Georgios is Lecturer in Modern History at City University of London and Visiting Research Fellow at King’s College London
Centennials and bicentennials are moments of commemoration and reflection that say as much about the present as about the past. For those interested in modern Greek history and politics, 2021 and 2022 offer landmark anniversaries of events that have shaped contemporary Greek identity. 2021 witnessed the bicentenary of the Greek revolution – a lengthy and complicated process that succeeded in delivering one of the first independent states on the fringes of post-Napoleonic Europe. This year marks the centenary of the Asia Minor “catastrophe” – the destruction of the Greek Orthodox communities in Asia Minor following the defeat of the Greek army in the Greek-Turkish war of 1919-1922. Both occasions are opportune moments to revisit much of modern Greek history and rethink Greece’s place in the international system.
The failure of the Greek expansionist project in Anatolia became the success of the Turkish nationalist transformation of the Ottoman empire. The remembrance of the 1922 events in Greece and Turkey, therefore, has a binary dynamic: lament for the destruction of the “lost homelands” in Greece and “Victory Day” celebrations in Turkey. The Greek-Turkish 1922 is a story of trauma and triumph; of war, violence, and national pride and humiliation; a story of displacements and population transfers that heralded the consolidation of the nation state and catapulted the pursuit of national homogeneity into the mainstream of international politics.
What seems to have been missing is an effort to systematically place the Greek-Turkish story in the wider context of imperial transitions and transformations across Europe (east and west) and the Near/Middle East.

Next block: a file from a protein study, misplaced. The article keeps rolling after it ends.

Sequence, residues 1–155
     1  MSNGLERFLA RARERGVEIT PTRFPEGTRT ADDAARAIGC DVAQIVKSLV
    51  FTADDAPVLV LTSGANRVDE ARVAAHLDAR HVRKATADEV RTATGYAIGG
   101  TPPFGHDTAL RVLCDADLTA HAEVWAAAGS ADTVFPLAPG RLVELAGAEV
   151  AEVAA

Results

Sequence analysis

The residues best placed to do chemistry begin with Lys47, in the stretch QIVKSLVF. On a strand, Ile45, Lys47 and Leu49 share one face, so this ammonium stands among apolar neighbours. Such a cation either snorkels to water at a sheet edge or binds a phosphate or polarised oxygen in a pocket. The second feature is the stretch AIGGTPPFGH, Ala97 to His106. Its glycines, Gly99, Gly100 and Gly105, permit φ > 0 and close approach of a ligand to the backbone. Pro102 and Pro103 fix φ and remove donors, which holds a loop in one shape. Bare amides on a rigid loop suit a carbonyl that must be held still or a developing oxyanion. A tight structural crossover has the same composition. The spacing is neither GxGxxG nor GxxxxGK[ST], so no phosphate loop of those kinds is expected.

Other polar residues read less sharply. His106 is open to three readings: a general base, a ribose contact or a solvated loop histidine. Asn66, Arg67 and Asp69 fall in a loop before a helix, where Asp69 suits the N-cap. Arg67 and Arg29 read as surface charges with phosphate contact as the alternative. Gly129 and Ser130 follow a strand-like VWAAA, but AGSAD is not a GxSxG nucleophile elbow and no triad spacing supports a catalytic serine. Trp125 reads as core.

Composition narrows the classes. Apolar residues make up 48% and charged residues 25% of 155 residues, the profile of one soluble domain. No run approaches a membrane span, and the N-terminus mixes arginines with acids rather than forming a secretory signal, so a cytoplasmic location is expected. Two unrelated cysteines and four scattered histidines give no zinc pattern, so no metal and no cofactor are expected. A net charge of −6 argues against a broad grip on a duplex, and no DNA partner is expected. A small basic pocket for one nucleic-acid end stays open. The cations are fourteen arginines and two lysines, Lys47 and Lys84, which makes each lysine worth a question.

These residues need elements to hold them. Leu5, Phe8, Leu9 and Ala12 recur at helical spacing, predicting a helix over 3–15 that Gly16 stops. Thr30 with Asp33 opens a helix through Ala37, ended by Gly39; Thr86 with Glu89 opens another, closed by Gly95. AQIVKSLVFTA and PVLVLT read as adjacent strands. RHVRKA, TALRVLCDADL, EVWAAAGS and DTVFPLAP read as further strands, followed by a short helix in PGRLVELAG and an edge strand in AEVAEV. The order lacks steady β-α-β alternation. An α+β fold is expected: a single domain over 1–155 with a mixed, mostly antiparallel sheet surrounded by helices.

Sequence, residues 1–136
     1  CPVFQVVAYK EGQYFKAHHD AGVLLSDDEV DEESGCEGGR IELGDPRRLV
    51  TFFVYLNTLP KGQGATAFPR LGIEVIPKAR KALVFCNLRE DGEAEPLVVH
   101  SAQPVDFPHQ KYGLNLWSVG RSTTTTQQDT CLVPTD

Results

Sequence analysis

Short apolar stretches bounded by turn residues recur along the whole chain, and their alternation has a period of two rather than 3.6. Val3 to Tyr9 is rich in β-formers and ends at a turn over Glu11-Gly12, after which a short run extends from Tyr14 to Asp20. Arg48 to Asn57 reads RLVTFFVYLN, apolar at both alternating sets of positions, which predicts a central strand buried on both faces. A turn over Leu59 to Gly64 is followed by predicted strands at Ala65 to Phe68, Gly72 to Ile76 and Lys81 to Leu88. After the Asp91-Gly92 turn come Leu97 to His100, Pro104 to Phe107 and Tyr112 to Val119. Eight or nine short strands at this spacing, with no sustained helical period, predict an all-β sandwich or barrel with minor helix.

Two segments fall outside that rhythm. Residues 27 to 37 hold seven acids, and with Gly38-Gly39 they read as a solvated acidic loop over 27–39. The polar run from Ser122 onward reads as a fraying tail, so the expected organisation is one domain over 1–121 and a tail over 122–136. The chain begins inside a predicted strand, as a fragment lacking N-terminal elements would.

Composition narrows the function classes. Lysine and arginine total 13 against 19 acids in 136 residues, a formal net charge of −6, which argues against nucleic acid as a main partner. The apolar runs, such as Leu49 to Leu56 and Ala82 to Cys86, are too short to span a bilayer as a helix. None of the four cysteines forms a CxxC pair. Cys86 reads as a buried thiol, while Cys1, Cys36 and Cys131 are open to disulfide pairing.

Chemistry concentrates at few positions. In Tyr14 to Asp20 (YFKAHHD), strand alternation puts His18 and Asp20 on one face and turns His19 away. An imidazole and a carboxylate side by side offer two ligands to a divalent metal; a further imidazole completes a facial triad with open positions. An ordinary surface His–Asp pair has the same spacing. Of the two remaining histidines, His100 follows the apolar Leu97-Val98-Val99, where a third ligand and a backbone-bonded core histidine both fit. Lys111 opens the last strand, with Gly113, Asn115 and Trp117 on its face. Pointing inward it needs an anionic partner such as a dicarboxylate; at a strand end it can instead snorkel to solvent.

In past decades various research projects and publications have shed light on key aspects of the political, cultural, and international history of the Greek-Turkish conflict in the early 1920s. Some of the most widely discussed themes concern the recovery of the refugee experience and memory as well as the analysis of the legal, cultural, and bio/political logic underpinning the making (and unmaking) of minority populations on both sides of the Aegean. What seems to have been missing is an effort to systematically place the Greek-Turkish story in the wider context of imperial transitions and transformations across Europe (east and west) and the Near/Middle East.
By purposefully shedding light on 1922 – a moment of transition in-between international conferences (Paris 1919, Genoa 1922) and lasting territorial arrangements (Lausanne 1923) the Global 1922 project ventures to place the Greek-Turkish story alongside a wider network of connected developments in places like Ireland, Italy, Spain, Hungary, Russia, and Syria. The project brings together scholars working on the imperial and international history of the early 1920s. Through its two workshops and scholarly publications, The Global 1922 aims to push back against the temptations of methodological nationalism and the facile demarcations of “area studies” and offer a connective and comparative account of key themes nested in imperial, national and internationalist imaginaries of a disrupted world in flux. These themes are global in kind and local in nature. They revolve around the contested politics of humanitarianism, the shifting nature of warfare, the language of liberty and westernization. They also include stories of economic integration and tales of forced migration and territorial dislocation.
FEATURE IMAGE: Battle of Sangarios River lithograph, unknown artist, Drakos Papadimitriou publishing, Athens, 1921.